The other day, I stumbled upon a social network site I was not familiar with, hosting a funny video I wanted to watch. After watching the video I clicked through on the “find contacts” link and without having to create an account or login I was able to enter by email address and password. A few seconds later the site sucked up my address book and presented me with a list of about 10 people I know (or may know as these online email sites seem to think anyone in the To, From or CC list is somehow someone I want to consider a contact!) who were registered on the site. Most of the people were casual acquaintances and not people I would add to my list of friends on any social network. But… there were two people I do keep in touch with. Where they really using this site? Should I sign up?
Well, in a word; ‘no’. I looked at the profile/home page of both people but they were pretty barren. One had and image and the other had an image and two small items—from 2004!
Which brings us to the subject of this post: The internet never forgets. Well, of course it does forget; somewhere in the deep dark back alleys of the internet—where the light of Google don’t shine—unloved pages are born and die. But most people will never know that world those lonely pages will pass into oblivion without anyone shedding a tear or laughing about ‘what once was.’ But while these uncharted regions of the internet come and go unnoticed the vast majority of pages will be sucked into the black hole that is the Google database—and who knows how many other such databases; Yahoo, Microsoft… the CIA? NSA? I think Microsoft might be the scariest of those, big brother doesn’t need your drunken after party photos: they have your phone tapped. These pages will never vanish.
Those drunken after party photos will be of interest to someone… someone important to you:
“According to a survey conducted by business social networking site Viadeo, one-fifth of hiring managers have used the Internet to find personal information about potential job candidates, and a quarter of those have rejected candidates based on what they found.”
Jacqui Cheng, from “Job Candidates Gone Wild: be careful what you post online” published on Ars Technica [arstechnica.com].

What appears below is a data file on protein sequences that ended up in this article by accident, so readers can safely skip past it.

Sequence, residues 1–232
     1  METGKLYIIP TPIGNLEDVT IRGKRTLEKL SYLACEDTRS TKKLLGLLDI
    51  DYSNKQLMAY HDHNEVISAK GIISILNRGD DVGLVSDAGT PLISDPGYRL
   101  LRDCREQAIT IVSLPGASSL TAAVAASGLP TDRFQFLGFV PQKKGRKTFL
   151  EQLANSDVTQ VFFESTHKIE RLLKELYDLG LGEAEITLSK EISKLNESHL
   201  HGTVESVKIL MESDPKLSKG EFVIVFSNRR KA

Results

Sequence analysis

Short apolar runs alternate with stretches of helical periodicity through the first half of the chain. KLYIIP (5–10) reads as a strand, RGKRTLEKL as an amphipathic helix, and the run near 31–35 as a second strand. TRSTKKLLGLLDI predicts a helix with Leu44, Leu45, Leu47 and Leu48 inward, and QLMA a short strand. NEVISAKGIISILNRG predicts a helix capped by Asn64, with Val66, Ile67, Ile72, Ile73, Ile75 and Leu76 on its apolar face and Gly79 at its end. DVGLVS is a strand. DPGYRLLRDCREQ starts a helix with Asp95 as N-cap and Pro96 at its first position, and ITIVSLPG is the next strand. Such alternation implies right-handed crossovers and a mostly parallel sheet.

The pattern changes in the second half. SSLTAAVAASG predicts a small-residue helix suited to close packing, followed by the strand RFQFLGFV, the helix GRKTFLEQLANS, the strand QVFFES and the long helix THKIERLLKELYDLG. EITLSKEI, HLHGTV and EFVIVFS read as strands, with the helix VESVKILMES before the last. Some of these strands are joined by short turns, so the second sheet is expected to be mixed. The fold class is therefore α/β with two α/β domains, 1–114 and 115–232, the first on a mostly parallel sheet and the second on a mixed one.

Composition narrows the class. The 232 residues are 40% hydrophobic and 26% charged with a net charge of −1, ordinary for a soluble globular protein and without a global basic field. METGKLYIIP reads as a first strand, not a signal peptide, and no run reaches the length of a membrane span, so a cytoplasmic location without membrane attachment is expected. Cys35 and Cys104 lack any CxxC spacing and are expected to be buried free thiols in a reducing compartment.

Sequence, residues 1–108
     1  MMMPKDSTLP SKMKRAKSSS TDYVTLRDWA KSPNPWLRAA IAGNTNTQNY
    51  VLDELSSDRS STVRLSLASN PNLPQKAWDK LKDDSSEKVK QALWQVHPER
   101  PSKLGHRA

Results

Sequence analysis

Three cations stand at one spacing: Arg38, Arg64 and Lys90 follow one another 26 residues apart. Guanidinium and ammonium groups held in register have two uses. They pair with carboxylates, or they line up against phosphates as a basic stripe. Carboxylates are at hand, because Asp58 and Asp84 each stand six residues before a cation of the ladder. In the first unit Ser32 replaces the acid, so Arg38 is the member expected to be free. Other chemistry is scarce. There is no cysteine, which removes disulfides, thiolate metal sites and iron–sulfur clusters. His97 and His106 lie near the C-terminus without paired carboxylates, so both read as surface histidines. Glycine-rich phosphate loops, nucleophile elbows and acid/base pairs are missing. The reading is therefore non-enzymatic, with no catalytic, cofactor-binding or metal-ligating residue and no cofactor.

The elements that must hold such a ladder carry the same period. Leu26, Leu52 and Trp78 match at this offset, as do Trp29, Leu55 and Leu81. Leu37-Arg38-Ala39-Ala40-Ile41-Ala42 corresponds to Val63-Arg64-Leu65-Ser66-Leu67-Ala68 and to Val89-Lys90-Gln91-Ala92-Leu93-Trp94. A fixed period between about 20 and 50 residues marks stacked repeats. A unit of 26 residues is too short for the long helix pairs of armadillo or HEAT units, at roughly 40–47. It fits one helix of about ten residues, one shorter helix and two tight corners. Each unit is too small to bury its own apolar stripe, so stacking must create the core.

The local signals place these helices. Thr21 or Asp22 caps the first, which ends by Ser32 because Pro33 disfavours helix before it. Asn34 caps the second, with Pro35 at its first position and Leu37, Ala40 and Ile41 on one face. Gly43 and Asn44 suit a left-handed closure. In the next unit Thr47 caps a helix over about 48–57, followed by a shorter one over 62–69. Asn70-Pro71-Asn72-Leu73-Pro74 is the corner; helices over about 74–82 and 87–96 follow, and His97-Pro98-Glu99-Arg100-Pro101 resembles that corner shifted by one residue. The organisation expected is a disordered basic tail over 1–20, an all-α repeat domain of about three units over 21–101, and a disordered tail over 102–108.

My friends didn’t do anything so embarrassing as all that, their photos were funny in an “oh-my-god, why did I do my hair like that,” way but not embarrassing. They were quite amused when I sent them a link to the site.
My own virtual persona’s trail is, I think, free of such amusements, or at least anything worse. I’m lucky enough not to have done anything too stupid in the early days of the internet, and for some time I have lived my virtual life by words-of-wisdom from one of my former bosses;
“Never commit anything to writing that you would not want read back to you in court.”
This pearl of wisdom was prompted by my sending an appropriately rude email to a moron. Not that my boss disagreed with anything I said but because the moron in question worked for our company and I was pointing out in a very non-diplomatic way that he was willfully violating a contract.
Not too long after this incident I got on someones bad side by forwarding a portion of an IM conversation to someone else. The IM conversation quoted included an opinion about a product or project (I don’t remember) that apparently the author was not willing to share with others, but I didn’t know that until the someone mentioned the quote in question back to the author. He was not happy, apparently there was much politics between this guy and the person in charge of the disparaged product or project. So the same lesson is applicable here; don’t put it in writing if you don’t want to have to explain it later.
So, remember: The internet never forgets or more generically; never commit anything to writing you would not want read back to you in court.